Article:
EE's acquisition by British telecommunications giant BT has been approved by the Competition and Markets Authority (CMA) and will be completed on January 29.
The £12.5bn takeover of EE has been give the green light by the CMA after a lengthy probe into how it will affect the competitive landscape, lasting 10 months.
While BT's intent to purchase EE began in early 2015, the CMA's investigation was investigating whether the new deal would harm competition in the sector, meaning the consumer would get an unfair deal.
However, it was concluded that while BT does have a small interest as a mobile provider, and has a strong role in the transmission of the signal for a number of networks, becoming one of the 'big four' mobile networks in the UK wouldn't have a significant impact on these roles.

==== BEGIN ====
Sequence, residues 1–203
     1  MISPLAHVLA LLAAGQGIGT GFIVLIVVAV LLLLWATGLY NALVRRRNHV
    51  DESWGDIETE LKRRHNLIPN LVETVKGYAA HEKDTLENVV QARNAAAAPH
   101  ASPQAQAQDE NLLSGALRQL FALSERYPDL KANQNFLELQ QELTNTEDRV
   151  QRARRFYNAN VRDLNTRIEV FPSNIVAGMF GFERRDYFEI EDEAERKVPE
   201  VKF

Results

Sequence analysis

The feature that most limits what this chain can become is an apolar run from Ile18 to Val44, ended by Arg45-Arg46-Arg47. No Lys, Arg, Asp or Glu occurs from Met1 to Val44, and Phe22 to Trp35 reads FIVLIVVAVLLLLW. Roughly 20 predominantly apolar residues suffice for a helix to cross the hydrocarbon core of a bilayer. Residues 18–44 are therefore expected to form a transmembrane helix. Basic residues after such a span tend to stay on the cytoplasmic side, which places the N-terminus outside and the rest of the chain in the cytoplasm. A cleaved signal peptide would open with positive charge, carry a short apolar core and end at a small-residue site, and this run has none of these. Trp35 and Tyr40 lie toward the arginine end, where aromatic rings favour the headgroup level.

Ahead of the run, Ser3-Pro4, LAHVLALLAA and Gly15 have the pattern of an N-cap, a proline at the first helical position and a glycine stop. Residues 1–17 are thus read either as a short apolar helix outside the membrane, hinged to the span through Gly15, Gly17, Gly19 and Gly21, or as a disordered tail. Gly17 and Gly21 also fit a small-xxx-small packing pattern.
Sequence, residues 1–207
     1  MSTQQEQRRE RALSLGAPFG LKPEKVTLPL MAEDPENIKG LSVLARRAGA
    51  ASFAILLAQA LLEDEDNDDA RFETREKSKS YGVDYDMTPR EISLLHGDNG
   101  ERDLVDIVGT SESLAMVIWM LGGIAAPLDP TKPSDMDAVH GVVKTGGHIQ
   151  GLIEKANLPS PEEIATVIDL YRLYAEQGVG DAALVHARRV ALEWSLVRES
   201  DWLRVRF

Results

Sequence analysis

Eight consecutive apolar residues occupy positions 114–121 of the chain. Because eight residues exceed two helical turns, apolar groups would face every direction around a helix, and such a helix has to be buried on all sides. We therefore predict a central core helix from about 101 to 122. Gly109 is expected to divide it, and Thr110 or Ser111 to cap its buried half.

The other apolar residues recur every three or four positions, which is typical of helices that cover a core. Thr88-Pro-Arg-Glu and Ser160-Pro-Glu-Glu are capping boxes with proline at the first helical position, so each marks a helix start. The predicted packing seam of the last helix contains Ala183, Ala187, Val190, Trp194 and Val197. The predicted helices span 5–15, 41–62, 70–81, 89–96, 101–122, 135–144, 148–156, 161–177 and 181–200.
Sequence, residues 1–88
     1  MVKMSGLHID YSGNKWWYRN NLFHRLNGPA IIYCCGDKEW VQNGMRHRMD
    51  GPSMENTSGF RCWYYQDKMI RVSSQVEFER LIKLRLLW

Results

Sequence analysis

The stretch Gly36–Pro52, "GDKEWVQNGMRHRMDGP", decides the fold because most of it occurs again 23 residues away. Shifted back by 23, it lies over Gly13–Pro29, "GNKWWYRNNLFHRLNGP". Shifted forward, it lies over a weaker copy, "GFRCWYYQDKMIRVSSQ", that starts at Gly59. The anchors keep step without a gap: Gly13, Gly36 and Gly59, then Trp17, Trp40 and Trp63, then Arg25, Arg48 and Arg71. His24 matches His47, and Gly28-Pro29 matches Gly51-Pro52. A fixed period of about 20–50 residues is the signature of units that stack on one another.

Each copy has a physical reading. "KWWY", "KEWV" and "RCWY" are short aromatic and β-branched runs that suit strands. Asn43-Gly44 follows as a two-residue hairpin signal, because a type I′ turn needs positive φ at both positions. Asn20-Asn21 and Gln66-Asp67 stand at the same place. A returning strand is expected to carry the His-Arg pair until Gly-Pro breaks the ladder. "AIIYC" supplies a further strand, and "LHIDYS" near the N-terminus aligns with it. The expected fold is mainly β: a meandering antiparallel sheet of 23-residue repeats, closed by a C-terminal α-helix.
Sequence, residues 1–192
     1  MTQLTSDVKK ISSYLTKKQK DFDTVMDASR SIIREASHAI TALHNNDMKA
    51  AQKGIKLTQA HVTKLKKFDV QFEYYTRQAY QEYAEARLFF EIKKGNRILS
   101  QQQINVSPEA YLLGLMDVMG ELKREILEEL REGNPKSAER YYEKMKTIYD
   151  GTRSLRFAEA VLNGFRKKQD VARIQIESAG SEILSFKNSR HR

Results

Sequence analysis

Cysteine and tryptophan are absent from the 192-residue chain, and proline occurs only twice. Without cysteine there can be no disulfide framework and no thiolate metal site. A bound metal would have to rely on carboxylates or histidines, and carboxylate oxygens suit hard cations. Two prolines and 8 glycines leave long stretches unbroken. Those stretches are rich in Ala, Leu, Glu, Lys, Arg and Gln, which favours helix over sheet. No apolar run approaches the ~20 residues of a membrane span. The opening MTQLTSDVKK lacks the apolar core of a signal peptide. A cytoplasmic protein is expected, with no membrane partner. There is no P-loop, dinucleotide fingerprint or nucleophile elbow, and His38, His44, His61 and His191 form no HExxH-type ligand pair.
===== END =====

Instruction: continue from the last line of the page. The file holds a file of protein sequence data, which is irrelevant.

The deal will conclude in the next few weeks, with 29 January the noted date for the completion of the deal, where long-time EE CEO Olaf Swantee will step down to be replaced by Marc Allera, current COO.
The mobile landscape in the UK will change as a result, with BT in a position to offer a larger, more connected suite of digital services across broadband, TV and mobile for a more 'end-to-end' package to the consumer.
Three and O2 are still lined up to merge in order to better compete with the new BT / EE takeover and Vodafone in the UK, although this wasn't thought to have the same anti-competitive ramifications and wasn't investigated by the CMA.
In short: things are going to change in the mobile network space as mergers and acquisitions come into play to give brands more power to offer better deals to consumers - there might be fewer networks to choose from, but the services they'll offer will be greater.
Article continues below